The “golden age” of IndyCar racing featured teams and manufacturers able to create their own cars to achieve as much speed as possible.
In a limited way, that era is returning to American open-wheel racing, creating a lot of intrigue for the 2015 IndyCar season.
There’s been a lot of stability among the driver and team roster in recent years, but the long-awaited “aero kits” made their debut in competition Sunday in the season-opener at St. Petersburg.
The Chevy and Honda cars — using new aerodynamic pieces on the front and rear wings to create more downforce, and as a result, speed — have a substantially different look. There are vertical stabilizers on front wings and rear-wing inlets on the Chevys and multiple-stage wings on the Hondas.
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The substantially new cars mean all teams are beginning with a clean sheet and have injected a lot of intrigue and mystery into the IndyCar Series this year.
Chevrolet threw down an early gauntlet, taking the top six spots in Sunday’s season-opening race on the streets of St. Petersburg, but that’s just the start of a five-month, 15-race run through the most diverse array of tracks in motorsports — with six races on ovals ranging in length from .875 to 2.5 miles, five on street courses and five on road courses.
What to look for
Team Penske: As usual, Roger Penske has one of the premier teams in the sport. This year, he has a super-team put together, with four full-time entrants. Defending champion Will Power and three-time Indianapolis 500 winner Helio Castroneves return as the stalwarts in the Penske stable, while former CART champ Juan Pablo Montoya and up-and-coming ace Simon Pagenaud round out the roster. The four took the top four spots in qualifying at St. Pete and finished in the top five. The four drivers combined for seven race wins last year, with Power winning three, Pagenaud two, and Montoya and Castroneves one each. They were four of the top five in the IndyCar standings in 2014. This year’s Penske outfit is reminiscent of the Andretti-Green “superteam” of Tony Kanaan, Dan Wheldon, Bryan Herta and Dario Franchitti 2004-05, when the question was not if an AGR car would win, but which one. AGR won 18 races and finished 1-2 in the championship those years.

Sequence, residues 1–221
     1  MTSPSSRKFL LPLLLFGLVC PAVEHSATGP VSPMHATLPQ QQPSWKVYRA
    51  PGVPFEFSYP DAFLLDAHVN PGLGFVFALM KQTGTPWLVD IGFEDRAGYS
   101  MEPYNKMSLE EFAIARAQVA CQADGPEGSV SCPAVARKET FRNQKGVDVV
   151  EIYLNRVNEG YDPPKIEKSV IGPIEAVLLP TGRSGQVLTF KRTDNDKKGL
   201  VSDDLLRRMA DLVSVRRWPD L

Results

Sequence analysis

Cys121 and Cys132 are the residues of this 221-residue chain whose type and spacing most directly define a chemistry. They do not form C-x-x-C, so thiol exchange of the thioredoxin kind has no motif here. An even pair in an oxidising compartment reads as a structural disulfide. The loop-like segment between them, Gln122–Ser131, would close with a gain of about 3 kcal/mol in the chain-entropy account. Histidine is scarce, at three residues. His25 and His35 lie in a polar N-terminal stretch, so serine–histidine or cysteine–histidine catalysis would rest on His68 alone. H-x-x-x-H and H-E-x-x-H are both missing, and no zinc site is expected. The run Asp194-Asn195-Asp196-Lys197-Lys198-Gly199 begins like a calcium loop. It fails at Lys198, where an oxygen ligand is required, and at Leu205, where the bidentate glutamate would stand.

The cars: That’s the real story of the 2015 season, besides answering the question “can anybody beat Penske?” With not just horsepower, but also substantial aerodynamic differences between the Chevy and Honda cars — and the Hondas having many different moving and changeable parts — there will be a lot of options and a lot of opportunities for teams to figure things out. What that will also lead to is increased speeds — eventually, possibly, catching up to Arie Luyendyk’s track record of 236 mph at Indianapolis. Another thing that’s notable is that the extra bodywork pieces led to a number of instances of debris on the track and front wing assemblies being replaced in the season opener.
The challengers: While Penske appears to have the super-team, Chip Ganassi Racing and Andretti Autosport also are contending for titles. One of Penske, Andretti or Ganassi’s drivers has won the title every year since 2003. Ganassi is fielding series stalwarts — and former champions and Indy 500 winners — Scott Dixon and Tony Kanaan in addition to veteran American Charlie Kimball. Andretti has a lineup made up of 2012 series champ and defending Indy winner Ryan Hunter-Reay, former Indy runner-up Marco Andretti and 2014 Rookie of the Year Carlos Muñoz. Ganassi, like Penske, is fielding Chevys, while Andretti is carrying the banner for Honda. Also, four-time Champ Car champion Sébastien Bourdais returns to his ride at KV Racing Technology.
A renewal: Graham Rahal and the Rahal Letterman Lanigan team are looking for a renewed season as a revamped one-car team. Rahal is looking for his first IndyCar series win since 2008.